Access to metrics from Envoy-to-service and transport layer communication can make it easier to diagnose service issues. To this end, SkyWalking needs to collect and analyze transport layer metrics between processes inside Kubernetes pods—a task well suited to eBPF. We investigated using eBPF for this purpose and present our results and a demo below.

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Apache SkyWalking

Pinpoint Service Mesh Critical Performance Impact by using eBPF

Introducing performance analysis in production with SkyWalking Rover.

Background

Apache SkyWalking observes metrics, logs, traces, and events for services deployed into the service mesh. When troubleshooting, SkyWalking error analysis can be an invaluable tool helping to pinpoint where an error occurred. However, performance problems are more difficult: It’s often impossible to locate the root cause of performance problems with pre-existing observation data. To move beyond the status quo, dynamic debugging and troubleshooting are essential service performance tools. In this article, we’ll discuss how to use eBPF technology to improve the profiling feature in SkyWalking and analyze the performance impact in the service mesh.

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Apache SkyWalking application performance monitoring tool
Apache SkyWalking, Open Source, Tetrate

SkyWalking 8.4 provides infrastructure monitoring for VMs

Apache SkyWalking– the APM tool for distributed systems–  has historically focused on providing observability around tracing and metrics, but service performance is often affected by the host. The newest release, SkyWalking 8.4.0, introduces a new feature for monitoring virtual machines. Users can easily detect possible problems from the dashboard– for example, when CPU usage is overloaded, when there’s not enough memory or disk space, or when the network status is unhealthy, etc.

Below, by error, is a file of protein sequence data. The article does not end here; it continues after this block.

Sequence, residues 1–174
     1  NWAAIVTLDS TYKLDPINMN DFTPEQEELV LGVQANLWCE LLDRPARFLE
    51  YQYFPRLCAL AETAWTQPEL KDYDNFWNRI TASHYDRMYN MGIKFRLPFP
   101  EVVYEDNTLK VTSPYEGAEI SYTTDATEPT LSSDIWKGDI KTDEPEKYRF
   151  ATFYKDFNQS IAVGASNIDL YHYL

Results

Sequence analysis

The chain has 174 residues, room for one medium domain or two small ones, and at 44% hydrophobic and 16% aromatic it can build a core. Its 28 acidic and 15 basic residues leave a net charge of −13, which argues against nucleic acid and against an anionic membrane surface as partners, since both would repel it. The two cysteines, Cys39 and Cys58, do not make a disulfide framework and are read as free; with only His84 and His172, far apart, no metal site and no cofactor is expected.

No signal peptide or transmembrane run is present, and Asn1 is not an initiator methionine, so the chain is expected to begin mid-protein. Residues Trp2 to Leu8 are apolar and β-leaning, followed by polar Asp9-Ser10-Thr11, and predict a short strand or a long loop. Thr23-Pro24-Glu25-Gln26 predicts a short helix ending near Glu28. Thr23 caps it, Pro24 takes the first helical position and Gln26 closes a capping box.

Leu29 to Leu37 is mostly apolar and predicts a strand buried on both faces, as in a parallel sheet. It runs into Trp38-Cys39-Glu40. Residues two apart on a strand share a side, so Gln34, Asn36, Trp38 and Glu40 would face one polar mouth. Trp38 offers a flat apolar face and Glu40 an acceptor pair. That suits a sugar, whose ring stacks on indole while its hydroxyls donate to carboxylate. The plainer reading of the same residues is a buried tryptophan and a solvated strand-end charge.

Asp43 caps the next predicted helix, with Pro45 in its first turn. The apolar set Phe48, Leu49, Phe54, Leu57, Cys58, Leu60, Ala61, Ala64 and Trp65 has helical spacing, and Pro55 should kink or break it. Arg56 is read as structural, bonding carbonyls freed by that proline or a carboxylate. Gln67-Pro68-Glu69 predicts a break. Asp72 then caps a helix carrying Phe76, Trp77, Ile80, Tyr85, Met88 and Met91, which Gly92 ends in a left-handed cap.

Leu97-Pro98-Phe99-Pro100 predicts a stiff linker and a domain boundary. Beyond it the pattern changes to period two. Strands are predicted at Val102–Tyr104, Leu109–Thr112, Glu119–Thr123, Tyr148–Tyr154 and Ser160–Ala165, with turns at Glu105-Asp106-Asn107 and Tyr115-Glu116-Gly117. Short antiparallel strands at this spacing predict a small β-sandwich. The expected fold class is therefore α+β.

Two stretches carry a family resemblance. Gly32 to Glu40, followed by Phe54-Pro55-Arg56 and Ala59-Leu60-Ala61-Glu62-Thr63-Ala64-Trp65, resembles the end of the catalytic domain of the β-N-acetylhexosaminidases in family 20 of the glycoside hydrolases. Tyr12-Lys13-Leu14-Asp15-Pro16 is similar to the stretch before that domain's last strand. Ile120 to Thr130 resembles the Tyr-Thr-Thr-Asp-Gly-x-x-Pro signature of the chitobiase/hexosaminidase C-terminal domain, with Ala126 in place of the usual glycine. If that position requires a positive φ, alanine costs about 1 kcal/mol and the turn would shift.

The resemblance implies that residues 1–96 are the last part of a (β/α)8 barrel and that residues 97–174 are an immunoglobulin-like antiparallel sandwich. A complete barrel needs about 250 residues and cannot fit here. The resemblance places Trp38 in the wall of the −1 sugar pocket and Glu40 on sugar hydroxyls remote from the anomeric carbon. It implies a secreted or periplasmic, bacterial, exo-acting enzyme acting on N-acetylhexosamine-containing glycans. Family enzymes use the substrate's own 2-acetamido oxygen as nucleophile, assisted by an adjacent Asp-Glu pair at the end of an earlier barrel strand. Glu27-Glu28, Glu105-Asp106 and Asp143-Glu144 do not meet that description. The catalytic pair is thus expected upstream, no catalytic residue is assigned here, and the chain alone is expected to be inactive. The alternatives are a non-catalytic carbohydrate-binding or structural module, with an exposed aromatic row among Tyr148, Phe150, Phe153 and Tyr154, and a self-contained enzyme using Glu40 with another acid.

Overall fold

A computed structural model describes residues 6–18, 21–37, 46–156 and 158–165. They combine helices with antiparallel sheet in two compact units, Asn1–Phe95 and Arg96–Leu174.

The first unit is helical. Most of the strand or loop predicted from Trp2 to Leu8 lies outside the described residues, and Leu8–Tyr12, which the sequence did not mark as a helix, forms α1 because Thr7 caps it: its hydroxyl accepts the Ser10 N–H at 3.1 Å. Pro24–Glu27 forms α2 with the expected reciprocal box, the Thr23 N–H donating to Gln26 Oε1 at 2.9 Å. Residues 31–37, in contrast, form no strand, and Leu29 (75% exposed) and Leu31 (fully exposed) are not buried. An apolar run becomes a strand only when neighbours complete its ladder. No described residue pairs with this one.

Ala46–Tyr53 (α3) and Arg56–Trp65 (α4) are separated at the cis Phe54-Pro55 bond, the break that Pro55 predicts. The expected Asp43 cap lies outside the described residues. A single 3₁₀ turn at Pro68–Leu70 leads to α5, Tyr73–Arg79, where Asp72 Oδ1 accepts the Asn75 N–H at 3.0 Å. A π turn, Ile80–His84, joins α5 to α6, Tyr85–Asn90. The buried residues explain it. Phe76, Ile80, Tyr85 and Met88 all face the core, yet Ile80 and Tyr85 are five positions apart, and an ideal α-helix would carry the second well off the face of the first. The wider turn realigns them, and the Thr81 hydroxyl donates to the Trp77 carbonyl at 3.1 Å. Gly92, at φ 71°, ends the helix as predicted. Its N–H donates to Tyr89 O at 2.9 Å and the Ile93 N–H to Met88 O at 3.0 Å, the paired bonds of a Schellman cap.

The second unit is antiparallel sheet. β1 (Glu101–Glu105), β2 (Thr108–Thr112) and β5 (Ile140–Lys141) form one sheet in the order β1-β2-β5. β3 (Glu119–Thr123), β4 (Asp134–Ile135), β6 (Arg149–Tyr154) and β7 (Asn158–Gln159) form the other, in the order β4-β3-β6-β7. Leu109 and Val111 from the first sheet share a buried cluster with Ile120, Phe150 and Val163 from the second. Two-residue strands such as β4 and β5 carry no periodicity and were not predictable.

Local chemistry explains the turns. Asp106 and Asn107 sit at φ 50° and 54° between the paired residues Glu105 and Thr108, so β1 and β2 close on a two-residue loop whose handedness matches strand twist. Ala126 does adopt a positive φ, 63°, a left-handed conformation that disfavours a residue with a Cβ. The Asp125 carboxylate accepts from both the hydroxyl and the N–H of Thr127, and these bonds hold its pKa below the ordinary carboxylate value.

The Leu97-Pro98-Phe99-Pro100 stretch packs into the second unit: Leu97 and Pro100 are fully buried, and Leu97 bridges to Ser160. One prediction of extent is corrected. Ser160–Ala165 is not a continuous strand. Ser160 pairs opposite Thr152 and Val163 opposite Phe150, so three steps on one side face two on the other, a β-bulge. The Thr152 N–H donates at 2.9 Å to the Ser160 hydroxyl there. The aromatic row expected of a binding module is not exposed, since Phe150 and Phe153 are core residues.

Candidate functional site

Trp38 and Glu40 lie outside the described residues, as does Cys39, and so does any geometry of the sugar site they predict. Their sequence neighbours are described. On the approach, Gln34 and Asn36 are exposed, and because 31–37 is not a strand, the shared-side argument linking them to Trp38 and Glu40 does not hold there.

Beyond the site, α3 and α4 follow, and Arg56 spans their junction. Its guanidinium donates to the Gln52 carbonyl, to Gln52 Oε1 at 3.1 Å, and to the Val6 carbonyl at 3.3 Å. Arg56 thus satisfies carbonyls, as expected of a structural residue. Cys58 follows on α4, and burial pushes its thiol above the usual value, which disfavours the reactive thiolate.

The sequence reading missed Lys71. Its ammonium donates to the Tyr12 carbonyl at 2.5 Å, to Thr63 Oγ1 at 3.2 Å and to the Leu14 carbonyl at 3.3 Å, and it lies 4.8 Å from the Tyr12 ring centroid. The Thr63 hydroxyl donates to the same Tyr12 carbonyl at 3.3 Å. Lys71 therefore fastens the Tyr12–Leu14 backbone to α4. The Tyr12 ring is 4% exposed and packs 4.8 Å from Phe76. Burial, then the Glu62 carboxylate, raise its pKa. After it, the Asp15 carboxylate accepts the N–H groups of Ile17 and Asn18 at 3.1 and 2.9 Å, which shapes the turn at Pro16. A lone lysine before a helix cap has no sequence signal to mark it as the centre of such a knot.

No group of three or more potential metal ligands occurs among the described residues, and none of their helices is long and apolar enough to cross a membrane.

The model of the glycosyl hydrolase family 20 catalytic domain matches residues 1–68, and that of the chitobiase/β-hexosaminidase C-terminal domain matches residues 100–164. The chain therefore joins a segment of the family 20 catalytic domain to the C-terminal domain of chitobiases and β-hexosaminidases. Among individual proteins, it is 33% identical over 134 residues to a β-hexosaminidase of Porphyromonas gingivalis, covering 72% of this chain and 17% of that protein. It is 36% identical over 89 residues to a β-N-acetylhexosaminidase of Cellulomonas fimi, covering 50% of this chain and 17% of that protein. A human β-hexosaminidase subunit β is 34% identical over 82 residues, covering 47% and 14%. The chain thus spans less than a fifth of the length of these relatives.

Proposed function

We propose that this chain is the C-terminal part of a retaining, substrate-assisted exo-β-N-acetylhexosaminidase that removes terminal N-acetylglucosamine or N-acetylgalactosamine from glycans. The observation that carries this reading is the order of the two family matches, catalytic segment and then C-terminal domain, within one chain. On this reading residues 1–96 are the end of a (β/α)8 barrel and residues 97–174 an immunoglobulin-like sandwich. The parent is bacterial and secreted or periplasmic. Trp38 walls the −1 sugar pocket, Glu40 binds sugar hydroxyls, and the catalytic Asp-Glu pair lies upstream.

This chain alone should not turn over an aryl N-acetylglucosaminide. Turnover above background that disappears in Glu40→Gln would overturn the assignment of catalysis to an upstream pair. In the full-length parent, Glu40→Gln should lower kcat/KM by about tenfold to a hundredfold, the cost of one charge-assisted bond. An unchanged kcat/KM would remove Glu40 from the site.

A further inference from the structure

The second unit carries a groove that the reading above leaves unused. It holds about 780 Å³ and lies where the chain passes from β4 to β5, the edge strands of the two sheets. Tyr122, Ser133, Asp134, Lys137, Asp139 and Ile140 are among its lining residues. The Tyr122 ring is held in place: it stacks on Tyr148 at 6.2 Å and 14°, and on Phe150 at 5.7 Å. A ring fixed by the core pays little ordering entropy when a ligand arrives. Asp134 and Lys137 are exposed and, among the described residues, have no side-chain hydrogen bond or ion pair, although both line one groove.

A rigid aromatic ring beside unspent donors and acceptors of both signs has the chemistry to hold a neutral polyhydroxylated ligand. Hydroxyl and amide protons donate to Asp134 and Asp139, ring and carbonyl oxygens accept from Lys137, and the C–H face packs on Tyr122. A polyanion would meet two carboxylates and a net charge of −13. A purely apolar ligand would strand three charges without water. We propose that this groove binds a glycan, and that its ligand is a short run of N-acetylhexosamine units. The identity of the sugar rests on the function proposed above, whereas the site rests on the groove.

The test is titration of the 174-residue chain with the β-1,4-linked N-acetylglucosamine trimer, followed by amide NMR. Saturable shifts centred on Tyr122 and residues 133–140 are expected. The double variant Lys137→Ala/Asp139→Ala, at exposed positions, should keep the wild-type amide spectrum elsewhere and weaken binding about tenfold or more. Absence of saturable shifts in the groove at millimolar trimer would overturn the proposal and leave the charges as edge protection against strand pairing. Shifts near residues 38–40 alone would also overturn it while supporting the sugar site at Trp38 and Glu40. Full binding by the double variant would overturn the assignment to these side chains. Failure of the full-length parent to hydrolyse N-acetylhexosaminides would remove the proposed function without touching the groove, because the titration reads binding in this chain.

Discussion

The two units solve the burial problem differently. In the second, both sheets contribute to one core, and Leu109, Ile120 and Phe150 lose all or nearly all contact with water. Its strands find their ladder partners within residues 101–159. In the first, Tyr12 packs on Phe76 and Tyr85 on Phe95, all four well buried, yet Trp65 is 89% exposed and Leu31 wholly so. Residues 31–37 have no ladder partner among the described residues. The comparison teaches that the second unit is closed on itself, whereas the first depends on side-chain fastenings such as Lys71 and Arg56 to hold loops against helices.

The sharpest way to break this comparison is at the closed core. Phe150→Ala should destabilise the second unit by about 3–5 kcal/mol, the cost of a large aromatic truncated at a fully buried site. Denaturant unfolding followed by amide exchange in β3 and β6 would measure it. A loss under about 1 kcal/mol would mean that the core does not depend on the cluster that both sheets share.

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SkyWalking service topology
Apache SkyWalking, Observability, Open Source

Observability at scale: SkyWalking it is!

SkyWalking, a top-level Apache project, is the open source APM and observability analysis platform that is solving the problems of 21st-century systems that are increasingly large, distributed, and heterogenous. It’s built for the struggles system admins face today: To identify and locate needles in a haystack of interdependent services, to get apples-to-apples metrics across polyglot apps, and to get a complete and meaningful view of performance. 

SkyWalking is a holistic platform that can observe microservices on or off a mesh, and can provide consistent monitoring with a lightweight payload.

Let’s take a look at how SkyWalking evolved to address the problem of observability at scale, and grew from a pure tracing system to a feature-rich observability platform that is now used to analyze deployments that collect tens of billions of traces per day.